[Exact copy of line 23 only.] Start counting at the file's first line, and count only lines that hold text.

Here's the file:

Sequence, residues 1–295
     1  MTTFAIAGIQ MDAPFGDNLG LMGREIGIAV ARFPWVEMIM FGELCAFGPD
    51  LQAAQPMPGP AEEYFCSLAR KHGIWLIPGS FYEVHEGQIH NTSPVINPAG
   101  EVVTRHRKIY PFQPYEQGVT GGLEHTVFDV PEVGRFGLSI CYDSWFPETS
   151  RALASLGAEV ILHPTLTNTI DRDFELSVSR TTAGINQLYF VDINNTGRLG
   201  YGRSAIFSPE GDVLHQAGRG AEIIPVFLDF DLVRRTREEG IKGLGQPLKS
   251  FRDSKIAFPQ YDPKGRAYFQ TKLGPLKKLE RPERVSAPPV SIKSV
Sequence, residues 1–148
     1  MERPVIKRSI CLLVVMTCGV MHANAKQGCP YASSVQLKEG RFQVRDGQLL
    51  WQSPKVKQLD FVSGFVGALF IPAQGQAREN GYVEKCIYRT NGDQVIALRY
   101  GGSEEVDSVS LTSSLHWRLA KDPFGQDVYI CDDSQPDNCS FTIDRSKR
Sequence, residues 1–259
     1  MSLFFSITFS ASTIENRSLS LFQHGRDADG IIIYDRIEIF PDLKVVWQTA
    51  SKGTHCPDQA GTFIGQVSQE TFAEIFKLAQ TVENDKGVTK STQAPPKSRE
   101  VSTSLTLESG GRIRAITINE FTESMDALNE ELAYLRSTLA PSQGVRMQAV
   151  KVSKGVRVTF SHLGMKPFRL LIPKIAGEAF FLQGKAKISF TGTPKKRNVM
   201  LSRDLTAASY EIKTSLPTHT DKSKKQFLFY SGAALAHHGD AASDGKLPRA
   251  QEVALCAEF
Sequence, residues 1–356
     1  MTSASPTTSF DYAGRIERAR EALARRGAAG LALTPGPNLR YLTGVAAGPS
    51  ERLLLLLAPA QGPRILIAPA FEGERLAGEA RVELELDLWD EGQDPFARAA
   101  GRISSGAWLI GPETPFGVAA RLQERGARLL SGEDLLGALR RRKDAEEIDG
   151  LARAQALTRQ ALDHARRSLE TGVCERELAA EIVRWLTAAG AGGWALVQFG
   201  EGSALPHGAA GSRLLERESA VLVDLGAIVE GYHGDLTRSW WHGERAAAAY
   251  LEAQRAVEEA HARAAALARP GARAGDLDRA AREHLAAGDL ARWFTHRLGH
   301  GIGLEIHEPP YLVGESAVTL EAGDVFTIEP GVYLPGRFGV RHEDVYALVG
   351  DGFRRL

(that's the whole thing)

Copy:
   151  LARAQALTRQ ALDHARRSLE TGVCERELAA EIVRWLTAAG AGGWALVQFG